Objective To establish an animal model for posttraumatic stress disorder in burn-injured patients. Methods Thermal-injured mice with 15% total body surface area were subjected to a series of neurobehavioral tests at 1 and 3 months postburn. Brains were collected for analysis of key molecules expression, spleens for T cell function analysis, and blood for biochemistry and hormones detection. Results Comparison with sham mice, burn mice showed extremely high locomotion in homecage, open field, and forced swimming tests, indicating a hyper-arousal state. Burn mice exhibited improved spatial memory in Morris Water Maze test and heightened context fear memory in context fear conditioning, suggesting re-experiencing behavior. Although burn mice showed pronounced passive avoidance in the step-through test, their active avoidance capability in response to the conditional stimulus in the shuttle box test was relatively deteriorated. Likewise, the retention of cue-feared memory was impaired in fear conditioning test. The above negative alterations in mood were recapitulated in open-field test, in which the burn mice displayed an anxiety-like behavior with less time spent in the center. However, no sign of depression was found in the forced swimming and sucrose preference tests. The negative mood of burn mice was reinforced by a deficit in sociality and preference for social novelty in social interaction test. These neurobehavioral alterations were associated with an increased expression of brain-derived neurotrophic factor along with a remarkable microgliosis and a moderate astrocytosis in the brain of burn vs. sham mice. Moreover, a prominent Th2 switch and consequent increased nuclear NF-κB translocation were seen in the splenic T cells from burn relative to sham mice. Conclusions We conclude that even mild burn injury could lead to long-lasting cognitive and effective alterations in mice. These findings shed light on the interactions among neuropsychology, neurobiology, and immunology throughout the recovery period of burn injury.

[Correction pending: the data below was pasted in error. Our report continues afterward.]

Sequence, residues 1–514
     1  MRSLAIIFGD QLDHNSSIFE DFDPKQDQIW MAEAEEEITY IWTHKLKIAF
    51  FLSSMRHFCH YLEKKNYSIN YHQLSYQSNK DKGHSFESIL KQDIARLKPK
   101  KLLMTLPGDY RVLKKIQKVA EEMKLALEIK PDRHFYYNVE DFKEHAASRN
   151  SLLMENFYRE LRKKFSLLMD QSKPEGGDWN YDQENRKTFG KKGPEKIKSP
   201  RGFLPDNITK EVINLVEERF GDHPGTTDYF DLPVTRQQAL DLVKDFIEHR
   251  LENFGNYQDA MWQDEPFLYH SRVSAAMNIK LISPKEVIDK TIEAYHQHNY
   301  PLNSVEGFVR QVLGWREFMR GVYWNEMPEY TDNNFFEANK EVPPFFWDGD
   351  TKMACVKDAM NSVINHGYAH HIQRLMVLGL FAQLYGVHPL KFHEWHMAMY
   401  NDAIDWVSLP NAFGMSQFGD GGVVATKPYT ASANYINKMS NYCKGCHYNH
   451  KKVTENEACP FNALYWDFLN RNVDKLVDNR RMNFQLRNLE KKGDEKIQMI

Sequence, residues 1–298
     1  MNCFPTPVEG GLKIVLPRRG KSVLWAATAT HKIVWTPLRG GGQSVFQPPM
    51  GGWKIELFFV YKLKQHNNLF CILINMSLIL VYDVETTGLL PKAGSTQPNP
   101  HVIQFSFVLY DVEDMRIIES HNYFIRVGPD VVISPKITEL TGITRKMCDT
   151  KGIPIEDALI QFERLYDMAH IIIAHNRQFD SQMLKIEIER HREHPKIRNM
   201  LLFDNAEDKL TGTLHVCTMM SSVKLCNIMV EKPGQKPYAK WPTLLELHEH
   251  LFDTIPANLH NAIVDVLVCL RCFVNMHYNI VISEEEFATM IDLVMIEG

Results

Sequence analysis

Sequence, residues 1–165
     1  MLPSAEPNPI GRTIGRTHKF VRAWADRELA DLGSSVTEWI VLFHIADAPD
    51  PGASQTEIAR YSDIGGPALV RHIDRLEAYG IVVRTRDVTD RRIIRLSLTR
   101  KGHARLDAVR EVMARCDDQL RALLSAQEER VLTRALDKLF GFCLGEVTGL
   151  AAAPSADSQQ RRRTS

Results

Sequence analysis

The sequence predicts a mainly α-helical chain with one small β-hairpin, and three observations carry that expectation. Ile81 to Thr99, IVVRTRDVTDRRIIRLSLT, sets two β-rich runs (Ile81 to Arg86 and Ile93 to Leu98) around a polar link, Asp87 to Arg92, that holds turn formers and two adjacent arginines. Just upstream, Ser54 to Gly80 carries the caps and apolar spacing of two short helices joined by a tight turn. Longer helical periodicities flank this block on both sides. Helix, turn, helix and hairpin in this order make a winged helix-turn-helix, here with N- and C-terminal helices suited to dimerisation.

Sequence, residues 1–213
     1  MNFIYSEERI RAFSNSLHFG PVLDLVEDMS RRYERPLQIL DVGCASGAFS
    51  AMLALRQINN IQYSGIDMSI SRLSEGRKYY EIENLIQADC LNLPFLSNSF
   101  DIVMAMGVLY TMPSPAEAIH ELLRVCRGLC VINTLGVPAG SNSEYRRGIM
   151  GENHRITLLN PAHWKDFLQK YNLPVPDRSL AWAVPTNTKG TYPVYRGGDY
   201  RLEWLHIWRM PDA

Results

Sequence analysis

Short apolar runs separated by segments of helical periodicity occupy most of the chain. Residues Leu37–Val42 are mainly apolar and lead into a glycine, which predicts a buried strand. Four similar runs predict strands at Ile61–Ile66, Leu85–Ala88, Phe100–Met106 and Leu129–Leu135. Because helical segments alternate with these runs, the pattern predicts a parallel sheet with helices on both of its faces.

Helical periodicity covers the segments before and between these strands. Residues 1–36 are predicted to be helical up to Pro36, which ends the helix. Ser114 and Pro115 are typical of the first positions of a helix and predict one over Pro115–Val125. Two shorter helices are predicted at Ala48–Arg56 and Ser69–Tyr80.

DOI : 10.1016/j.expneurol.2019.113084 Anahtar Kelimeler :
Burn injury, Neurobehavior, Posttraumatic stress disorder, CD4+ T cell, Brain-derived neurotrophic factor, PTSD posttraumatic stress disorder, posttraumatic stress disorder, BDNF brain-derived neurotrophic factor, brain-derived neurotrophic factor, CNS central nervous system, central nervous system, TBSA total body surface area, total body surface area, MWM Morris Water Maze, Morris Water Maze, pb postburn, postburn, CS conditioned stimulus, conditioned stimulus, US unconditioned stimulus, unconditioned stimulus, GFAP glial fibrillary acidic protein, glial fibrillary acidic protein, PFA paraformaldehyde, paraformaldehyde, BSA bovine serum albumin, bovine serum albumin, PVDF polyvinylidene difluoride, polyvinylidene difluoride, i.p. intraperitoneally, intraperitoneally, Iba-1 ionized calcium binding adaptor protein 1, ionized calcium binding adaptor protein 1, DR dopamine receptor, dopamine receptor, TBI traumatic brain injury, traumatic brain injury, AST aspartate transaminase, aspartate transaminase, ALT alanine aminotransferase, alanine aminotransferase, HDL high density lipoprotein, high density lipoprotein, LDL low density lipoprotein, low density lipoprotein, VLDL very low density lipoprotein, very low density lipoprotein
ISSN: 0014-4886 Cilt: 323 Sayfa: 113084
The effects of various concentrations of bupivacaine on the extensor muscles of rats were studied. The drug was applied to the muscles either in situ or in a bath through perfusion. Bupivacaine produced a concentration- and temperature-dependent depolarization of surface fibers which could not be antagonized by blockers of sodium and potassium conductance or by altering the concentrations of sodium, calcium, or chloride ions. Concentrations of bupivacaine above 50 μm blocked nerve-evoked muscle action potentials. The blockade of nerve conduction recovered within 12 h of drug application in vivo. When bath-applied, 50 to 100 μm bupivacaine increased miniature end-plate potential frequency two- to threefold, decreased the amplitude, and shortened the decay phase of the transient potential. When applied to the muscle in vivo, and studied at periods beyond 24 h, concentrations of bupivacaine to 1 mm had no effect on the membrane potential or spontaneous and evoked transmitter release. Additionally, no signs of denervation appeared when the extensor muscle was studied at 24-h or longer intervals. Muscles exposed to 5 mm bupivacaine were significantly depolarized by day 3 but at that time had miniature end-plate potentials of normal amplitude and time course. The synaptic apparatus remained intact throughout the period of degeneration and subsequent regeneration of muscle fibers as confirmed by light microscopy. At 50 μm bupivacaine, no fiber degeneration was observed, yet as early as 12 h after its application a significant degree of terminal sprouting was seen in all muscles. As many as 35% of the end-plates showed terminal sprouts at day 10 with 5 mm bupivacaine and a significant number of those sprouts made neuromuscular contacts at distances greater than 800 μm from an end-plate. A low-profile extrajunctional acetylcholine sensitivity was recorded at 3 and 10 days after application of bupivacaine (5 mm) in vivo. The results ruled out muscle inactivity and degeneration per se as possible stimuli for terminal sprouting. Induction of terminal sprouting by bupivacaine in the absence of degeneration of the muscle fiber and in the presence of an apparently intact neuromuscular apparatus was the most significant finding.